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Electromyographic and biomechanic analysis of anterior cruciate ligament deficiency and functional knee bracing
Department of Orthopaedic Surgery, Karolinska Hospital, Institution for Surgical Sciences, Karolinska Institute, Stockholm, Sweden.
Department of Orthopaedic Surgery, Karolinska Hospital, Institution for Surgical Sciences, Karolinska Institute, Stockholm, Sweden.
University of Ottawa, Ottawa, Canada.
Department of Orthopaedic Surgery, Karolinska Hospital, Institution for Surgical Sciences, Karolinska Institute, Stockholm, Sweden.
2003 (English)In: Clinical Biomechanics, ISSN 0268-0033, E-ISSN 1879-1271, Vol. 18, no 1, p. 28-34Article in journal (Refereed) Published
Abstract [en]

Objective: Examine the neuromuscular response to functional knee bracing relative to anterior tibial translations in vivo.

Design: During randomised brace conditions, electromyographic data with simultaneous skeletal tibiofemoral kinematics were recorded from four anterior cruciate ligament deficient subjects to investigate the effect of the DonJoy Legend functional brace during activity.

Background: Knee braces do not increase knee stability but may influence afferent inputs from proprioception and therefore one might expect changes in muscle firing patterns, amplitude and timing.

Methods: Hoffman bone pins affixed with markers were implanted into the tibia and femur for kinematic measurement. The EMG data from the rectus femoris, semitendinosus, biceps femoris, and lateral head of the gastrocnemius were integrated for each subject in three separate time periods: 250 ms preceding footstrike and two consecutive 125 ms time intervals following footstrike.

Results: With brace, semitendinosus activity significantly decreased 17% prior to footstrike whereas bicep femoris significantly decreased 44% during A2, (P<0.05). Rectus femoris activity significantly increased 21% in A2 (P<0.05). No consistent reductions in anterior translations were evident.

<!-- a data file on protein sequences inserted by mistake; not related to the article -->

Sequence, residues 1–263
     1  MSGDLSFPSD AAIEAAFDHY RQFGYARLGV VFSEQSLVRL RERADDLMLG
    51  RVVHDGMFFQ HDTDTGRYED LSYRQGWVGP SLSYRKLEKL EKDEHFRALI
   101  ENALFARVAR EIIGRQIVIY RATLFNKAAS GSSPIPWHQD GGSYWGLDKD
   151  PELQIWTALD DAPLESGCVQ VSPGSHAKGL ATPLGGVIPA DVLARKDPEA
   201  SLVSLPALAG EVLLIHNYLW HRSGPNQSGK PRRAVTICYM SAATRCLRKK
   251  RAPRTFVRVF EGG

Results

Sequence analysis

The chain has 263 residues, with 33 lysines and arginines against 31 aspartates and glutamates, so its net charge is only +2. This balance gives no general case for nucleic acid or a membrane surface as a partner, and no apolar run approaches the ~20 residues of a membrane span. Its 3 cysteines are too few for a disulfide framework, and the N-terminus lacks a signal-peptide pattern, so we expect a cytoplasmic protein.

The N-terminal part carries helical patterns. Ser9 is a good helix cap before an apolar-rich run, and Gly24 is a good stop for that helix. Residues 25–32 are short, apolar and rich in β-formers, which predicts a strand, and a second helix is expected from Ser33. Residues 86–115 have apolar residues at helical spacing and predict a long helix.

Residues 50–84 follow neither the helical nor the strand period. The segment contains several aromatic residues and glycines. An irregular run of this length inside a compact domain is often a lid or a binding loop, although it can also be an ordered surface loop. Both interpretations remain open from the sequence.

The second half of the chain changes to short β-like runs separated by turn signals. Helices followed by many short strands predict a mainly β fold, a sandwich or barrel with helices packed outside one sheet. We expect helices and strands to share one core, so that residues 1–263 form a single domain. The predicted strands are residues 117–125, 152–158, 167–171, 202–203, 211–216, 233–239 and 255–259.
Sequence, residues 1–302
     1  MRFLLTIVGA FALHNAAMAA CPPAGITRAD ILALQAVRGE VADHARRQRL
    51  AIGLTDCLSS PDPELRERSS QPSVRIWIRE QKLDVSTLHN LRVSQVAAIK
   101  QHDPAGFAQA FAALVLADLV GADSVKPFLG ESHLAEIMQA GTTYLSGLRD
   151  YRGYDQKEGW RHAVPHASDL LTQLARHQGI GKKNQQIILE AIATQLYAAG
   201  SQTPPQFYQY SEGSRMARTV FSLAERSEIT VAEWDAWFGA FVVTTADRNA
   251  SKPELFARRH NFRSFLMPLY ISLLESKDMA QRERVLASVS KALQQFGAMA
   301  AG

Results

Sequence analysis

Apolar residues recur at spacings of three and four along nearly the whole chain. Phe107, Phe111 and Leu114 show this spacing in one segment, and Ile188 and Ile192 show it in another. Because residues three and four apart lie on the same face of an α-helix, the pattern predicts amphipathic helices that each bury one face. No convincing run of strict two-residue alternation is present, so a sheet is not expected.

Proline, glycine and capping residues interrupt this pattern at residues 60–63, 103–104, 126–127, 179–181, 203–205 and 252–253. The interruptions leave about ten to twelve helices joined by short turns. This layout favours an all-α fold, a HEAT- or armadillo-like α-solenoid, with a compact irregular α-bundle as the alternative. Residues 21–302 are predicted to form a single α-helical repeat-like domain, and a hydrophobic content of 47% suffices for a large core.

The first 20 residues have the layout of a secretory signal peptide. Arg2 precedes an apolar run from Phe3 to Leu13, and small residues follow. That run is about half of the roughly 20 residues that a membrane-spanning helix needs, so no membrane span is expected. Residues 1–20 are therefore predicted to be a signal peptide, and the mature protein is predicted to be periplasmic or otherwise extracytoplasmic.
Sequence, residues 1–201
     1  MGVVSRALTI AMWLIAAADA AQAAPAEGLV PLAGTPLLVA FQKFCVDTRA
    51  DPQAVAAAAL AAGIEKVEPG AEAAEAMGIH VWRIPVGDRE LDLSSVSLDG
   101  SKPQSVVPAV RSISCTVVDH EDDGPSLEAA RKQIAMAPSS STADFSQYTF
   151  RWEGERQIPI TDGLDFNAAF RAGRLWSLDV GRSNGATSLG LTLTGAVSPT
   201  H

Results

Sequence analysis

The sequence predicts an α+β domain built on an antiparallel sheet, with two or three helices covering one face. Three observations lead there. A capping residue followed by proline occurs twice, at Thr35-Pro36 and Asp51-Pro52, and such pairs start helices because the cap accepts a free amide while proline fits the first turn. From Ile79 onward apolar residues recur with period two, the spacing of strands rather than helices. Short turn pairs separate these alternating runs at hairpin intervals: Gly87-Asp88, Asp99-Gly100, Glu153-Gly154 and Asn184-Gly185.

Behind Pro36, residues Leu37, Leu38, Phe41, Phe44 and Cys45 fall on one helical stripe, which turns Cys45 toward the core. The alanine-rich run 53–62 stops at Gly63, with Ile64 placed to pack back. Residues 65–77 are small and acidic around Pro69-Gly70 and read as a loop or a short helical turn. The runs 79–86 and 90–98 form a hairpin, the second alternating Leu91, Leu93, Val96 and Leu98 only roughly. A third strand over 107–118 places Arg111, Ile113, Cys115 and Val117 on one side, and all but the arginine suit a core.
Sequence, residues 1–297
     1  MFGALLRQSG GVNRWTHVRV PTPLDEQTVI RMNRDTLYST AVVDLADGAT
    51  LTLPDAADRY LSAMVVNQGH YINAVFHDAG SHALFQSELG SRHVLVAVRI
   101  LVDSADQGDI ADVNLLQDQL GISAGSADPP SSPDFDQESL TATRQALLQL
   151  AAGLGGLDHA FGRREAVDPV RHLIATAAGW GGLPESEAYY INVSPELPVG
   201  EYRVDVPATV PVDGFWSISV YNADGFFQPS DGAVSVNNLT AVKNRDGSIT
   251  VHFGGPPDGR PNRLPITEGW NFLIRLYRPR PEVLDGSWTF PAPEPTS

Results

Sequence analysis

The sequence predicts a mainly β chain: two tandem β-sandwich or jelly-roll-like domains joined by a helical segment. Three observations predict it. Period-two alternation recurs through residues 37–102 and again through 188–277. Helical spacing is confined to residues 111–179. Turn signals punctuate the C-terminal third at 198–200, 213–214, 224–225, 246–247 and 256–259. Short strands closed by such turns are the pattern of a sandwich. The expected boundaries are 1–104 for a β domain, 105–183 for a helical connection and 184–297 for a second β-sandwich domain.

Conclusion: Our preliminary findings, based on a limited number of subjects, indicate joint stability may result from proprioceptive feedback rather than the mechanical stabilising effect of the brace. Despite a significant increase in rectus femoris activity upon landing, only one subject demonstrated an increase in anterior tibial drawer.

Relevance: Studies have shown functional braces do not mechanically stabilise the anterior cruciate ligament deficient knee. Perhaps bracing alters proprioceptive feedback. It has been shown that bracing the anterior cruciate ligament deficient knee may affect hamstring and quadriceps activity. Our findings stresses the importance of functional knee bracing combined with proprioceptive and muscular coordination training in order to increase joint stability.

Place, publisher, year, edition, pages
Oxon, United Kingdom: Elsevier, 2003. Vol. 18, no 1, p. 28-34
Keywords [en]
Anterior cruciate ligament, knee brace, knee instability, electromyography, proprioception
National Category
Medical and Health Sciences Orthopaedics Sport and Fitness Sciences
Identifiers
URN: urn:nbn:se:oru:diva-55755DOI: 10.1016/S0268-0033(02)00138-9ISI: 000181461000005PubMedID: 12527244Scopus ID: 2-s2.0-0037230129OAI: oai:DiVA.org:oru-55755DiVA, id: diva2:1074529
Available from: 2017-02-15 Created: 2017-02-15 Last updated: 2018-01-13Bibliographically approved

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